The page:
Not that I disagree with you, but here's where we get into the weeds with what is "usefull" or not. My contention has always been that in this country, people want everything - they just don't want to pay for it. Some people don't want their taxes to be spent on schools (I don't have kids, let someone else pay for it), let alone trying to get them to pay for the arts.

    Don't get me wrong, I agree that the arts should be supported. But you can't find two people in Texas, let alone San Antonio who'd want their taxes to be raised..... Shame as it is....
     
  7. Absolutely. I know what you mean, in fact, i think we're big advocates of reducing our taxes in Texas. But im one to always be optimistic about certain things and im not going to just stand aside and wait for it to happen. ((which is probably is doing right now...)) I willl continue to be optimistic until i can't anymore. Are you in the Symphony?
     
  8. Danny R.

    Danny R. Supporting Member

    Now what's wrong with the Mariachi band??
     
  9. Jazz Ad

    Jazz Ad Mi la ré sol Gold Supporting Member Supporting Member

    [​IMG]
     
  10. Pacman

    Pacman Layin' Down Time Staff Member Gold Supporting Member

    Apr 1, 2000
    Omaha, Nebraska
    Endorsing Artist: Roscoe Guitars, DR Strings, Aguilar Amplification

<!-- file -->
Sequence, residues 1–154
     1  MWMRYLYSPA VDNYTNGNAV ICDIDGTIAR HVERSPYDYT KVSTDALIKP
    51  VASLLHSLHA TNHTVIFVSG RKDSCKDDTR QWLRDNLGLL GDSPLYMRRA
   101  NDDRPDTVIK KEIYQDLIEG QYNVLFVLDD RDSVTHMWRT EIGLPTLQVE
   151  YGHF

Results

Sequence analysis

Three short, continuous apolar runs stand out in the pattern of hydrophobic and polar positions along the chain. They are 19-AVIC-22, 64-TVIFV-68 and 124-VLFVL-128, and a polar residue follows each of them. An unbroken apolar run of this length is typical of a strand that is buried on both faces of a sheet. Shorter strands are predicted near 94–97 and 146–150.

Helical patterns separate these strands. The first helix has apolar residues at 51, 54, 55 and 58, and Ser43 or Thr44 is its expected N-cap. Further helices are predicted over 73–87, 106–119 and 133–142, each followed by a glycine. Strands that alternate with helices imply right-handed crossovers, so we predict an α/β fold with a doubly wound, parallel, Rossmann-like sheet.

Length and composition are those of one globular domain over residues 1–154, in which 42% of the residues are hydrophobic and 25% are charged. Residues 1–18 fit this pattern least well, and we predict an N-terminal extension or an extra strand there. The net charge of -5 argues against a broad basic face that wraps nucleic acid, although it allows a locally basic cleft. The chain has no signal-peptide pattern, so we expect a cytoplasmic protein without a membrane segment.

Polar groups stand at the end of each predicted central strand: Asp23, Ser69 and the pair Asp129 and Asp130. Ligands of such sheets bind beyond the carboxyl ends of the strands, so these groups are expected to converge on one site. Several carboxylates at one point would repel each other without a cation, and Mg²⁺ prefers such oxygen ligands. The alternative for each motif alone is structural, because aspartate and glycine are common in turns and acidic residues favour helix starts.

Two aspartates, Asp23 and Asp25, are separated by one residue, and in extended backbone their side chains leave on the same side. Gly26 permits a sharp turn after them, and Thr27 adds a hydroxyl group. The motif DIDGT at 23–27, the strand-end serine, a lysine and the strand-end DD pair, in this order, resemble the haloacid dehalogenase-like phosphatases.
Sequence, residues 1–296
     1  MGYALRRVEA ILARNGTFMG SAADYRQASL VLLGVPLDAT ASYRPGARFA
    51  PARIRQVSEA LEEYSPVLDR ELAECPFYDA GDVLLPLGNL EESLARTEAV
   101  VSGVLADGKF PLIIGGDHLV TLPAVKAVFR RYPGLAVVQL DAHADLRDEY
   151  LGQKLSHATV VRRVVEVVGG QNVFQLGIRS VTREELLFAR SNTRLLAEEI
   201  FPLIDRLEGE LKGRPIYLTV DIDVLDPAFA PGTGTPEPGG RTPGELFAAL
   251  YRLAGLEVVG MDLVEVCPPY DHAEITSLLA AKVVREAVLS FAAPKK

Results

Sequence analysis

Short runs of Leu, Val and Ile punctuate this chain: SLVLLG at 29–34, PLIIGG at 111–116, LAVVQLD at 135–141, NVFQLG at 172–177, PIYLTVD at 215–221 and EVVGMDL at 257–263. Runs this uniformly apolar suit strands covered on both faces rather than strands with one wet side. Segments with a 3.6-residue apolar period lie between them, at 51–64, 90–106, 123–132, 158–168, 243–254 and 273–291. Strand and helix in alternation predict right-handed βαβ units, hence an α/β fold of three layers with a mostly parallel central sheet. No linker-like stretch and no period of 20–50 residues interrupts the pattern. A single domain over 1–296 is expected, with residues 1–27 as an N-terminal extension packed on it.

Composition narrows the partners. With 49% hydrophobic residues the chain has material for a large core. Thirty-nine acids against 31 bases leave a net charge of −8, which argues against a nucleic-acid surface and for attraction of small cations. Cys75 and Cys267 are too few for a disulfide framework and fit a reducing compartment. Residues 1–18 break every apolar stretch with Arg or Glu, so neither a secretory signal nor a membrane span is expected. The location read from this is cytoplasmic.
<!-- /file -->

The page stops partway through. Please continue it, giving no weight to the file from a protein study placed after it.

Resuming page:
Not me. I like to get paid :D I'm in the Air Force band here in San Antonio. The SA Symphony = 20% pay cuts. The AF Band = regular raises.

    It's new math, but it's simple :)
     
  11. Jazz Ad

    Jazz Ad Mi la ré sol Gold Supporting Member Supporting Member

    So the only way for an orchestra/band to be supported by public money is to be military ?
     
  12. Danny R.

    Danny R. Supporting Member

    nice tololoche:bassist: :bassist:
     
  13. Pacman

    Pacman Layin' Down Time Staff Member Gold Supporting Member

    Apr 1, 2000
    Omaha, Nebraska
    Endorsing Artist: Roscoe Guitars, DR Strings, Aguilar Amplification
    I don't make the rules.

    Please note: I didn't say I agreed with that. I would gladly pay a little more in taxes to support the arts in my community. But in Texas, land of the ever-conservative, that ain't gonna happen. It would never even make it on the ballot. I'm not saying it's right, but I'm saying that's the way it is.
     
  14. Joe Taylor

    Joe Taylor

    Dec 20, 2001
    Tracy CA
    It is every where symphony music is in trouble.